So I've been reading again lately on bushcraft, outdoor survival skills, etc., and I'm thinking "Hey, why don't I start taking more ULTRA minimal trips and practicing some of these skills?"
The idea of carrying VERY little appeals to me.
I'm not talking about running around and chopping down trees and trying to murder local fauna, but more along the lines of going for 1-3 night trips in which you're only carrying the "ultra" basics. I want to see how little I can get by with; I've done the SUL/sub-5 thing but want to push a bit further.
But that's where I start thinking in circles and want to open this idea to discussion...
So what are the "ultra" basics? What exactly constitutes "survival" vs. XUL vs. an adventure racing style (i.e. long miles, little sleep, little gear, lots of suffering) vs. being straight-up FUBAR and having nothing?
I was watching a video of a self-described "survival expert. He was carrying a Becker BK 9 (read gigantic knife) and a full-blown survival kit- space blanket, first aid, firestarting, water treatment, etc.
His justification for the giant knife was "building shelter".
Know if we're judging by weight, his kit's a complete failure. Why not skip the 2 lb. knife and carry a bivy and tarp and never worry about building shelter?
Now if we're talking being stuck indefinitely on a deserted island, I'd probably choose the Becker BK 9 over a cuben tarp and build some nice, permanent shelter.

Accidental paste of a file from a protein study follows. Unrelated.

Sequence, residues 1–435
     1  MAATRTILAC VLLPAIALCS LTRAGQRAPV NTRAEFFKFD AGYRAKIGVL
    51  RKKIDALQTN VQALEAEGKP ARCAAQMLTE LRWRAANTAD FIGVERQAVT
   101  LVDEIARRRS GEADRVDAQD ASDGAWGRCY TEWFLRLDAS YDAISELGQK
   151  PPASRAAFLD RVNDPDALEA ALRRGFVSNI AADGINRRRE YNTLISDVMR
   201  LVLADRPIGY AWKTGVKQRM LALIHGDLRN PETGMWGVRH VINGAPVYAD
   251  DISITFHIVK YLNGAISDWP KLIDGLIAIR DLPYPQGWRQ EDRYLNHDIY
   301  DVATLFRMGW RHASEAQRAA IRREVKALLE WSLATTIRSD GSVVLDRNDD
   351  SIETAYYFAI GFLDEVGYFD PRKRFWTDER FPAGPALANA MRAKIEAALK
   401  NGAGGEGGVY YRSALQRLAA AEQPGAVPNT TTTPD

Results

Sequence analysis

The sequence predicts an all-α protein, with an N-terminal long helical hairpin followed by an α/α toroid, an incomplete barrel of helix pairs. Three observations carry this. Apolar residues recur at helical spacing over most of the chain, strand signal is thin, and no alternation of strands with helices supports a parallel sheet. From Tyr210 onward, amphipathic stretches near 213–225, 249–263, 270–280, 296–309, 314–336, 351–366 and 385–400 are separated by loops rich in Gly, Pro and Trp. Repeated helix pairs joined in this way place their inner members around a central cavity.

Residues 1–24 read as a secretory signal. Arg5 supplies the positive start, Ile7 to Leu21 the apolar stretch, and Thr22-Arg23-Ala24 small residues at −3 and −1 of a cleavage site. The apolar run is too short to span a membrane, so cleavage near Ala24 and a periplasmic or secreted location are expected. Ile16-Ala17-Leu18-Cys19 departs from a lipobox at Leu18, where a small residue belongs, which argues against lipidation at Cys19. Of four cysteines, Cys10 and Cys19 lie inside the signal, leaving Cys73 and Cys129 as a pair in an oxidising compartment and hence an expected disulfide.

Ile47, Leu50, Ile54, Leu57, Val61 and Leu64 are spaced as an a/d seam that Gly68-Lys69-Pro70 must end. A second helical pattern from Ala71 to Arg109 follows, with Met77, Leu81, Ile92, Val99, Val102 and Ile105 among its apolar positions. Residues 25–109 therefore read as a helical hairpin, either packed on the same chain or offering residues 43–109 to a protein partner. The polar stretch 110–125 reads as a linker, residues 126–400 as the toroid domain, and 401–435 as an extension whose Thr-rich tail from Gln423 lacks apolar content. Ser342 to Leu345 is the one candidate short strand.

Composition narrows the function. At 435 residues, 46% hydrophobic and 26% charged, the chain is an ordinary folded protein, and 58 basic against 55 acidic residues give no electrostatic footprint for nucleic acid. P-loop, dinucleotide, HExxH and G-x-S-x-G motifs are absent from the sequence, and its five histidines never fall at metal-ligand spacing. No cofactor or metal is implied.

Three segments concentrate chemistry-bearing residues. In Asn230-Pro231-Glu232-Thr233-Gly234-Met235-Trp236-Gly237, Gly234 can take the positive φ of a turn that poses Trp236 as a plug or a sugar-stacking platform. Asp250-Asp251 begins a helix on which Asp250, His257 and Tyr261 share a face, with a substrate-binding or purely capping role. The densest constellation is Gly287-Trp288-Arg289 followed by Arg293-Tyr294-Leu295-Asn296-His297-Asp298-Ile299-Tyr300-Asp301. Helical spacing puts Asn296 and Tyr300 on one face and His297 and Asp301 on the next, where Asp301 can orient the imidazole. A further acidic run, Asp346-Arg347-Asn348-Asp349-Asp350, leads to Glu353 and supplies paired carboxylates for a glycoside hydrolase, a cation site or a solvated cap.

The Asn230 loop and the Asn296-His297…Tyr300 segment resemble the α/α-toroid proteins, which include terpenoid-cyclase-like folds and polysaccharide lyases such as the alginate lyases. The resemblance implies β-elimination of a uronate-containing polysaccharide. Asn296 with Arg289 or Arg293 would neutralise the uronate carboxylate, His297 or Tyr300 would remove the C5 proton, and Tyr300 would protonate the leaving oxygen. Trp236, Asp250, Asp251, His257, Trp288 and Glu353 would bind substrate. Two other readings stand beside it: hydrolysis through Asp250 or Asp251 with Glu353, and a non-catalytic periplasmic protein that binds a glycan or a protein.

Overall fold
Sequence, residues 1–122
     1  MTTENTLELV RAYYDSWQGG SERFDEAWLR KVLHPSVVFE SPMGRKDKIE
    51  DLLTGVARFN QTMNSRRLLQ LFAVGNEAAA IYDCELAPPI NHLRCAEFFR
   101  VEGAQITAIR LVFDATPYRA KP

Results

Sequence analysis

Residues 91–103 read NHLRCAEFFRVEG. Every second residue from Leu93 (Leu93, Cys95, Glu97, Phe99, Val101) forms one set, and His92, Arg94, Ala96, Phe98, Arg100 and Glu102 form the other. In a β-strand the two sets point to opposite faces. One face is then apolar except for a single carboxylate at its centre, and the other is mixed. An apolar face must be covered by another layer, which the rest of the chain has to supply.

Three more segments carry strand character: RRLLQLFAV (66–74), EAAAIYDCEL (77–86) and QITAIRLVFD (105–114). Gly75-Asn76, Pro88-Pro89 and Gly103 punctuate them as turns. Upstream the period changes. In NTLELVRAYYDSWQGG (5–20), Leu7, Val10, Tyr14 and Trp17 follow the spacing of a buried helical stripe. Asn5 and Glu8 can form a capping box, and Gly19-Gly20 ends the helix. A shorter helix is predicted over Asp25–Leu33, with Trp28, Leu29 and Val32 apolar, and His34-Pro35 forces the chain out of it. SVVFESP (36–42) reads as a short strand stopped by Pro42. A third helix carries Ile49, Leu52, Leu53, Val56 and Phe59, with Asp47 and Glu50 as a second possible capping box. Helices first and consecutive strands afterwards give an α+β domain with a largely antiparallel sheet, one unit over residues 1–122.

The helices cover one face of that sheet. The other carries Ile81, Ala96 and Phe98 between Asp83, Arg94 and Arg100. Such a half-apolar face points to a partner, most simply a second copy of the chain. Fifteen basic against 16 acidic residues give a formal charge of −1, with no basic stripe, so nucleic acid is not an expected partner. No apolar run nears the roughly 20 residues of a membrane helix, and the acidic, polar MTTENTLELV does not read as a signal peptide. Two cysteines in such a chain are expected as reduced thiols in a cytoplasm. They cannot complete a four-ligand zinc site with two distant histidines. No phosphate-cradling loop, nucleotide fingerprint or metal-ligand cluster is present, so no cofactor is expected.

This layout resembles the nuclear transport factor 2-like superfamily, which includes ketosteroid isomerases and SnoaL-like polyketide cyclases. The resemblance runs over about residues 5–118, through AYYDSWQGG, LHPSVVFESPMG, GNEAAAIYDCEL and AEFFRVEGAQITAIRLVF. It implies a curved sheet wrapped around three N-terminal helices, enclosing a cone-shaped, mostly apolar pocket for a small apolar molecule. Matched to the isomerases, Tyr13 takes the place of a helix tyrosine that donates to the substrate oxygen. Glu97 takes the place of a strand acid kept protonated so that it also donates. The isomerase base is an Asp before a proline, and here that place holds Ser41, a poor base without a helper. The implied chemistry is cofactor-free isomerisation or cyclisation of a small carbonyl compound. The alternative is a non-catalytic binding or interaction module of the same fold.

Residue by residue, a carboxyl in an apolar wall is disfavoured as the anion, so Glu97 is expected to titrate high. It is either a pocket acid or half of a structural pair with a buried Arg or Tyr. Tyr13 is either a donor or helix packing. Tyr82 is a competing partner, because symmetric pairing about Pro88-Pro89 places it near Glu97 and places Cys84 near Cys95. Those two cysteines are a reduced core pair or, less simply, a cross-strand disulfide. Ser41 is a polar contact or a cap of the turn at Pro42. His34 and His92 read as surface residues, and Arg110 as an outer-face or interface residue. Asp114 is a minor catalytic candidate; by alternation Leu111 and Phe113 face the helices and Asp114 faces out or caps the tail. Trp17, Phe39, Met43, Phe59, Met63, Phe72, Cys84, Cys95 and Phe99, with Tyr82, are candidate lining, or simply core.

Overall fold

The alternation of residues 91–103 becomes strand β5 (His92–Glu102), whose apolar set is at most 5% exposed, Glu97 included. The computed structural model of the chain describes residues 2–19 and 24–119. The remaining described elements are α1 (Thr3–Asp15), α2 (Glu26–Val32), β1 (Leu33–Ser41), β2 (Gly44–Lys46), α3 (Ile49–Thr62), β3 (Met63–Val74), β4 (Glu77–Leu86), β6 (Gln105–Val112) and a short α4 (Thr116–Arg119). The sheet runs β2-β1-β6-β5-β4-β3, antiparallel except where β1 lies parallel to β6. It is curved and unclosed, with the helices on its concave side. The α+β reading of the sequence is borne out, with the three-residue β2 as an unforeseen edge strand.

But it just doesn't make sense...If your "survival" weighs in at 3-5 lbs, why not just never leave home without your SUL kit?
So is this about weight, having an ultra-COMPACT kit....what?
I suppose "survival" hinges upon being prepared to spend an indefinite amount of time somewhere, thus carrying items of long term utility/durability...
I was thinking I'd go out and spend a night or two practicing a more realistic scenario: getting lost/injured while on a solo 50K trail run and ONLY having what I'd typically carry trail running (my Nathan race vest, a space blanket, a small knife/first aid kit, firestarter, LED, some water pills, etc.) I'm sure this will tell if I'm lacking anything.
Or it will only tell me that spending the night in a space blanket under a makeshift lean-to on top of a bed of leaves is miserable, but survivable. Or more comfortable than I thought.
But isn't this pretty much just adventure racing?
Coming from SUL, having a well stocked survival kit sounds like nothing but an SUL trip without the tarp and sleeping bag.
So is the point simply pushing your suffering/comfort level? I think there is something to be said for doing this from time to time.
So maybe the best way to practice "survival" skills in the woods is just driving out after work one day and spending a night or two carrying only what's in your pockets...
I suppose the first question is "what do you really want to learn?"
Any thoughts on these ramblings?